In 1972, the Supreme Court extended the protections of Brown vs. Board of Education, the landmark school integration ruling, to students with disabilities. In 1974, Section 504 of the Rehabilitation Act made it illegal for any entity receiving federal funds to exclude any “otherwise qualified individual” because of a disability.

In 1975, the Education for All Handicapped Children Act — now called the Individuals with Disabilities Education Act — gave students with disabilities the right to learn in public schools. IDEA’s main mechanism of enforcement is a document called an individualized education program.

“I’ve been attending my own IEP meetings since seventh grade,” Lynn said. Officials usually understand her requests for accommodations, “but I don’t know if they have experience with visually impaired students.”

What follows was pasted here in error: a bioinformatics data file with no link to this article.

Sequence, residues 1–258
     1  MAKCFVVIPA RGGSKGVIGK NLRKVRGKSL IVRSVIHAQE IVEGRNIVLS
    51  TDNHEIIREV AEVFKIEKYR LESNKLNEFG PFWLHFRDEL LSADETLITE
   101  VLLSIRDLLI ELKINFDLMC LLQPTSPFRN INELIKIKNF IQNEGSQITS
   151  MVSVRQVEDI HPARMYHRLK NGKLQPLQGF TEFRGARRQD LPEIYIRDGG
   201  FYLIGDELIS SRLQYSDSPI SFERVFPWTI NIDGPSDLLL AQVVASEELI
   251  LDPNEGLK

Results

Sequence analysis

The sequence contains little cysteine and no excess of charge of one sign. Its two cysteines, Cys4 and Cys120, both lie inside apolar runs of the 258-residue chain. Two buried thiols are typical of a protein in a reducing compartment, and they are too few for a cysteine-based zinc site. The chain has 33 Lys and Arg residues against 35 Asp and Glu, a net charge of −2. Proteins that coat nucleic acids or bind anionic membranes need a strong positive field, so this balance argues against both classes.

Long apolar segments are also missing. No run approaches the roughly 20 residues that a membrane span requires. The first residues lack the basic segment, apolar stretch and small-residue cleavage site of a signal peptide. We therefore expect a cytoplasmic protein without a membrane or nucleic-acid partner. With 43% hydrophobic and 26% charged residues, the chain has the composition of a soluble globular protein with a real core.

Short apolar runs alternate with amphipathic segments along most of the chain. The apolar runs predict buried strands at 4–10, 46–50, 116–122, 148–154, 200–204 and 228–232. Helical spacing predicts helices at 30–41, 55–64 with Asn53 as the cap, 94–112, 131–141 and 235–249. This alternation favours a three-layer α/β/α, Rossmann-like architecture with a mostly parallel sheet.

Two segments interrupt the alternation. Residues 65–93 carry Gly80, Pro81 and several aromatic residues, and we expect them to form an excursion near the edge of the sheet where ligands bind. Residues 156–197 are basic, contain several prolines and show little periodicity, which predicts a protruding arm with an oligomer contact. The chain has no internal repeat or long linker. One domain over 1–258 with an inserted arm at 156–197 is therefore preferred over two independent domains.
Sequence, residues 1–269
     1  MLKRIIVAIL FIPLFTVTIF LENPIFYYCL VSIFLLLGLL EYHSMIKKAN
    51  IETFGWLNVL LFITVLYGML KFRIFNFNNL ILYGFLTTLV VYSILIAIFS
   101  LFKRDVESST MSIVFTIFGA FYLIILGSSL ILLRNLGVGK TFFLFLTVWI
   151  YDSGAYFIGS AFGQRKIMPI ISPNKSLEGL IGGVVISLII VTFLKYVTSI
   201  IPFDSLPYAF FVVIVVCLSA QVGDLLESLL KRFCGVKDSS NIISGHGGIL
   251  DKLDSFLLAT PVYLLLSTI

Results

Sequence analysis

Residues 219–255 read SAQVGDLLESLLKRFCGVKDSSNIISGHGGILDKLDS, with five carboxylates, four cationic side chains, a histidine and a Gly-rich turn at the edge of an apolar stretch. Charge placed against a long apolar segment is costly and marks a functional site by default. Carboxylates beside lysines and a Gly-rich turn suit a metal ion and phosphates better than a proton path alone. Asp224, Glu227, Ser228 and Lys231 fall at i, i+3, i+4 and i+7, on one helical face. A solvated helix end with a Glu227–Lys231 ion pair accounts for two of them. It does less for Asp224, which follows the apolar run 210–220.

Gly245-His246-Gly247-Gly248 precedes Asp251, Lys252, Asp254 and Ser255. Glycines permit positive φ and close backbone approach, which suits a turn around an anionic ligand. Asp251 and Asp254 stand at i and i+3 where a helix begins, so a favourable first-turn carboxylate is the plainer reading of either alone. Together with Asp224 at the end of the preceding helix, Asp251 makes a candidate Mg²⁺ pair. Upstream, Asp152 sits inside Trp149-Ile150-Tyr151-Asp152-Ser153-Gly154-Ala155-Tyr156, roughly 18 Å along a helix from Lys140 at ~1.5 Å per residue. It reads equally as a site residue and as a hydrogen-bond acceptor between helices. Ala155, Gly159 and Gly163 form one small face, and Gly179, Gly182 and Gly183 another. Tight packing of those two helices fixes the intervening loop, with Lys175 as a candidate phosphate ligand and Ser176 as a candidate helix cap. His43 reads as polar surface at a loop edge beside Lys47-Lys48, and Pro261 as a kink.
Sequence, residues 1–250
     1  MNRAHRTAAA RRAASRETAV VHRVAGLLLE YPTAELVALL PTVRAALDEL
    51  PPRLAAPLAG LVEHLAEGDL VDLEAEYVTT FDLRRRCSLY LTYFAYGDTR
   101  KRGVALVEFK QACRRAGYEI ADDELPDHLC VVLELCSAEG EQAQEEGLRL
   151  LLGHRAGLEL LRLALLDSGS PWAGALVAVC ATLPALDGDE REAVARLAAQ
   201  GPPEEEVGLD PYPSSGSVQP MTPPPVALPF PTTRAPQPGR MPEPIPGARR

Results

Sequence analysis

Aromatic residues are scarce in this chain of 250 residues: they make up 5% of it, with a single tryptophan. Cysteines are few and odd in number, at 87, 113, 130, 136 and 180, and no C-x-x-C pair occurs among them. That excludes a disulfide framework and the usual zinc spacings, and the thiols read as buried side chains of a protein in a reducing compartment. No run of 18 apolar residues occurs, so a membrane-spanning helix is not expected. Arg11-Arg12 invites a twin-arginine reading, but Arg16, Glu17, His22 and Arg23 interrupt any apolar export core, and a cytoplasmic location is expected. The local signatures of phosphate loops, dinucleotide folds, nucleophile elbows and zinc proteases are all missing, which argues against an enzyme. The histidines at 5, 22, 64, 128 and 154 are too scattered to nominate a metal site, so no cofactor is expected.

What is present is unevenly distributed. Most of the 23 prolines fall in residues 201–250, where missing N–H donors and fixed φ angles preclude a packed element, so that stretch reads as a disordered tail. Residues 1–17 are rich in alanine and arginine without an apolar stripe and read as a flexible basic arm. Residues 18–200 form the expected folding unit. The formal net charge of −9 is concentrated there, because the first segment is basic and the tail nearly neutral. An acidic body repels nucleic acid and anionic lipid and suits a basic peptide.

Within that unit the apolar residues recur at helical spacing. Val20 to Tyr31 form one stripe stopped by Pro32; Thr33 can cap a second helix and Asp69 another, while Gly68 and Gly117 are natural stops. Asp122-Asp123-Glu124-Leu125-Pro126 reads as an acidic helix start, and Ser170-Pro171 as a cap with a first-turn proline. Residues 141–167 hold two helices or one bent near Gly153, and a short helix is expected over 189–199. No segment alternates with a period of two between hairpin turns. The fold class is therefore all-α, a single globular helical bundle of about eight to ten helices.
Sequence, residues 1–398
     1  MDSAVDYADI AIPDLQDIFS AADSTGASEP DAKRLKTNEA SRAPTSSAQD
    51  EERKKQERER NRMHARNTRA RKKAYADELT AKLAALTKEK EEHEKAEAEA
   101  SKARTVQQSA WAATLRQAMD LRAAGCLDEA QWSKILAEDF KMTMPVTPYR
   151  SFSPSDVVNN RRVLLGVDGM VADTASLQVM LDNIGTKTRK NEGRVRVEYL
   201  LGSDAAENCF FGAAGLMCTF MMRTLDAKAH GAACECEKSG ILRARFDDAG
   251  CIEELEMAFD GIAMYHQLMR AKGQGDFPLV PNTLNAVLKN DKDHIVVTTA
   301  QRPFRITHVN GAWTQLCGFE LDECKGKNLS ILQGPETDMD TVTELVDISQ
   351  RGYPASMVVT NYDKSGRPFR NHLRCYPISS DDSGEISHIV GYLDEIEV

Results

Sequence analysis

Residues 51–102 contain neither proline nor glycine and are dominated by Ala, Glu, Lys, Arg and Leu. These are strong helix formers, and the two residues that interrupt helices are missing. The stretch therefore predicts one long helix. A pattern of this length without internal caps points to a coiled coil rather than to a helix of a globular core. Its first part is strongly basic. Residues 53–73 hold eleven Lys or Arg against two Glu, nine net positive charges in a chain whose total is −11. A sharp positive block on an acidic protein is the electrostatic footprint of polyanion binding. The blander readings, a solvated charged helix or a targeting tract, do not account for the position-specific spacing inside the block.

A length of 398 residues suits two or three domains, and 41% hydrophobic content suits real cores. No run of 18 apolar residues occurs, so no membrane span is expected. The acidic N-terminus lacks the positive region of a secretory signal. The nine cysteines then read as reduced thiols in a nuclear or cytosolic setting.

Visual disabilities are rare compared with autism, ADHD or dyslexia. Deafness is equally uncommon, yet the law considers American Sign Language just one of several acceptable methods of instruction. Braille, by contrast, is mandated for all students with visual disabilities, except where such instruction is “inappropriate” — such as for those too young to read, or for those who have concomitant disabilities that make literacy unattainable.

Yet today, only 16% of students who could learn Braille do.

Like many other disabilities, blindness exists on a spectrum: Most people who are considered legally blind can see some light, color and shape, and many find large print accessible. But many others who can technically “see” print either strain painfully to read or lose the ability over time.